Hans Heijerman (management consultant) and Niels Heijerman (business analyst) explained the reasons for the economic inequalities between East- and West-Germany in their research on the reunification’s impacts. The price increases resulted in a minimum 33 percent decrease in East German industrial production in the first two years following reunification. In addition, the east lost their most important market as a result of these price increases: the former Soviet Union. At the same time, East Germany lost out against its former partners since they were able to maintain cheap pricing because their currencies were not overvalued. The sudden switch to a capitalist system, however, was the largest issue with the East German economy. People weren’t used to entrepreneurship, proactivity, competitiveness, or leadership. Even now, this backwardness is considered to be one of the key factors contributing to German internal inequality.
According to Jan Oude Brunink, who moved to Berlin 10 years ago, it was difficult to adapt for a lot of Ossis. “This weekend someone told me that he woke up in a different country without moving”, said Jan.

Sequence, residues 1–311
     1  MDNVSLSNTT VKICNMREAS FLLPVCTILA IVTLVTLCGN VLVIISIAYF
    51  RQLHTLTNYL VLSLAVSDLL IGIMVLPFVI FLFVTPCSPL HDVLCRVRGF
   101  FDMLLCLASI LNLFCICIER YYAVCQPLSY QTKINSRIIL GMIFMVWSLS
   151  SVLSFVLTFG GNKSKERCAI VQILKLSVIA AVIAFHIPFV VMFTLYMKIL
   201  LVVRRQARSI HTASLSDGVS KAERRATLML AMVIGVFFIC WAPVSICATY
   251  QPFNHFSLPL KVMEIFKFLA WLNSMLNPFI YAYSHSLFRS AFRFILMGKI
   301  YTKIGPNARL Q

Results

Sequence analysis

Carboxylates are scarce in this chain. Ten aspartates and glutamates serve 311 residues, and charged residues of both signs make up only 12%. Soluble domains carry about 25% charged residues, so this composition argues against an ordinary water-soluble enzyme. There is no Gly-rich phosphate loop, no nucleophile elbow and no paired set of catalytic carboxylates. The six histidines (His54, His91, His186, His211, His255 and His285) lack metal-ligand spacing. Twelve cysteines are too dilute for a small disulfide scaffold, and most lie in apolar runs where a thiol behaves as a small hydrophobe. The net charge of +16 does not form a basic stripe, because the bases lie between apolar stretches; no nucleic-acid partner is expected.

In addition to the economic aspect, there are differences in political trust and opinions. The Washington Post researched the differences between east and west Germany. According to them, the reasons why right-wing politicians thrived in the formerly communist east are complicated. Scientists frequently attribute a confluence of anti-leftist worldviews that emerged following the fall of the Berlin Wall and the east European economic crisis. Despite the widespread disillusionment with Western capitalism, few individuals wished for the restoration of communism. Right-wing politicians stepped in to fill the gap right away.
However, East Germany continues to be the source of the majority of Die Linke’s votes. A state in eastern Germany called Thüringen provided 31% of their votes. East Germany unquestionably represents both extremes of the political spectrum.